"Karma can be so cruel. Just think how many times anti-GMO activists have protested against the imaginary risks of food that has been genetically modified. Now a favorite snack of those same protesters, the sacred granola bar, has been found to pose an actual health risk."
"Half of heart attack victims wait an hour before seeking help: Doctors warn that not enough people know the signs despite delays reducing the chance of survival".
"Could this widely used calculator be needlessly driving people to take statins?"
"Why the U.S. dietary guidelines keep changing . . ."
One hypothesis would be that nobody knows very much.
As Glenn Reynolds writes frequently, "Faster, please."
David Karow, a clinical radiologist who works both there and at the nearby San Diego campus of the University of California, is optimistic about the potential of the technique for wider use. He has been part of a study published recently in Clinical Cancer Research that suggests MRI might become the standard method for prostate-cancer screening. His research suggests it can differentiate between benign tumours, which just need to be monitored, and aggressive ones that need to be treated.
The truth is not quite as good as some recent news reports would lead you to believe.
It's an interesting hypothesis.
"The Immortality Hype: Despite the hyperbole, private funding is changing the science of aging for the better."
Lots of private money will be needed because of federal government dopiness:
NIH review panels “tend to be conservative because there isn’t a lot of money and they like to fund things that are certain to succeed,” says David Sinclair, a professor of genetics at Harvard Medical School, and co-director of the Paul F. Glenn Center for the Biological Mechanisms of Aging, a wing of the Glenn Foundation for Medical Research, one of the largest private funders of aging research.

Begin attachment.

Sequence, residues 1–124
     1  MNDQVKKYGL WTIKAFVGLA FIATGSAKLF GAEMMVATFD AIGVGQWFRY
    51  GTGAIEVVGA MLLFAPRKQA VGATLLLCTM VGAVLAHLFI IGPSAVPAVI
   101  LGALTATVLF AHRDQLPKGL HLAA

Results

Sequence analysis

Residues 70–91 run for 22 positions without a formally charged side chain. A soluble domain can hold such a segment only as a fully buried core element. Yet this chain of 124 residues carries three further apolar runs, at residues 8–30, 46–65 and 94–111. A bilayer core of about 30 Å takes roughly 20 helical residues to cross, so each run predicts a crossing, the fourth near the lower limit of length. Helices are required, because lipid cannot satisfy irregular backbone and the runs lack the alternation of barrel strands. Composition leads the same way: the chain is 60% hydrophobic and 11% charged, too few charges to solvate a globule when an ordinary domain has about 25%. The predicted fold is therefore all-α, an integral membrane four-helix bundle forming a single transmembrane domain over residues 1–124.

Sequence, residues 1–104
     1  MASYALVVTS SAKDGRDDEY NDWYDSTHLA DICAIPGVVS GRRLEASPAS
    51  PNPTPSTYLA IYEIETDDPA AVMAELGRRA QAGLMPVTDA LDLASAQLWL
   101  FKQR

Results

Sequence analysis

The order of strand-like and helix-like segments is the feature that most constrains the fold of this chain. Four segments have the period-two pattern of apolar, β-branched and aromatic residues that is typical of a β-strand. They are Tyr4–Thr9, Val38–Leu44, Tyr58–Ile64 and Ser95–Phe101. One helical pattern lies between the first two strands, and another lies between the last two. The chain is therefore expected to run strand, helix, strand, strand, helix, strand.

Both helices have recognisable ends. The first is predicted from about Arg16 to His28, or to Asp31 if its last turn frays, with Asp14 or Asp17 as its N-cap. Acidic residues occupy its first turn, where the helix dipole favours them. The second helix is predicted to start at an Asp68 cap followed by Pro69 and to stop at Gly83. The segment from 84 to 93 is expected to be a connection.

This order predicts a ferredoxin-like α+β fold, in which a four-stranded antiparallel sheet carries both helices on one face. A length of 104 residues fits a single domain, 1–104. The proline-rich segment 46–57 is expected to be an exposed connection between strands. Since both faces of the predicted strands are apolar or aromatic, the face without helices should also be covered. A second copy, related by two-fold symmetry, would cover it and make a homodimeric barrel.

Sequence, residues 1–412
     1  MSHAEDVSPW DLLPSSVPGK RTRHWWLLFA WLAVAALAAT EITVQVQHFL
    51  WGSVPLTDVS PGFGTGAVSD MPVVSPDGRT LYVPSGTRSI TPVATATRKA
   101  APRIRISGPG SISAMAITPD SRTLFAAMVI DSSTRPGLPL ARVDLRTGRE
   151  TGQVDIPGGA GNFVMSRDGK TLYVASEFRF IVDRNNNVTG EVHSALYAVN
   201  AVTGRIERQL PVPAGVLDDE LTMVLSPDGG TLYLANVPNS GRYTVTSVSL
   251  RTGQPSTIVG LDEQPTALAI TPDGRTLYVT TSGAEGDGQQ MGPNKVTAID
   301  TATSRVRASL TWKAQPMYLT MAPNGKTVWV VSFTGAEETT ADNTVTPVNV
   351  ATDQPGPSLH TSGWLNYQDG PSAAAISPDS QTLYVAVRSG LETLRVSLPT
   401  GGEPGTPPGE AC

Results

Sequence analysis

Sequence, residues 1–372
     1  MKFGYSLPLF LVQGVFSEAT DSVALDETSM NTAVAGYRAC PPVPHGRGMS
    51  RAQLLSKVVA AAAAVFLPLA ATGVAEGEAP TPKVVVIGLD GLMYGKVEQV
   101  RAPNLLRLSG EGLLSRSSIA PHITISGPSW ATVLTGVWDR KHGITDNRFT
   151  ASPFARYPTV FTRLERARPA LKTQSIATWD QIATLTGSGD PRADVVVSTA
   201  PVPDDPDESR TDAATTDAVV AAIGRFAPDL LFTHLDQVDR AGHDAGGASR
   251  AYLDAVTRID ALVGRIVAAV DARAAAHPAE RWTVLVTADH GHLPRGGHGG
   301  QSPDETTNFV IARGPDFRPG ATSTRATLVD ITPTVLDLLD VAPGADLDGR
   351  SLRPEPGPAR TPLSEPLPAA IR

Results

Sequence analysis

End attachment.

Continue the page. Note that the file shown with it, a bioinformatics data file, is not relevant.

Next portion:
More on what the private sector can do: "Rising health care costs spurring innovation".
This is one of a few pieces I've read recently--including on taking fish oil supplements for heart health and taking niacin to raise HDL--that argues using a proxy for a desired outcome can be, unfortunately, misleading.
Interesting. Especially this:
In recent years, major research organizations have begun to recommend active surveillance, which for years had been promoted mostly by academic urologists in major medical centers, but not by urologists in private practice, who treat most men.
Trust the academics or the private practice folks?
And then there's Instapundit's comment: "I'm not saying this is a bad idea, but I'm suspicious they only started touting stuff like this once Obamacare passed."
"There's a single nerve that connects all of your vital organs — and it might just be the future of medicine"
And, like many good ideas, it came from an unexpected source.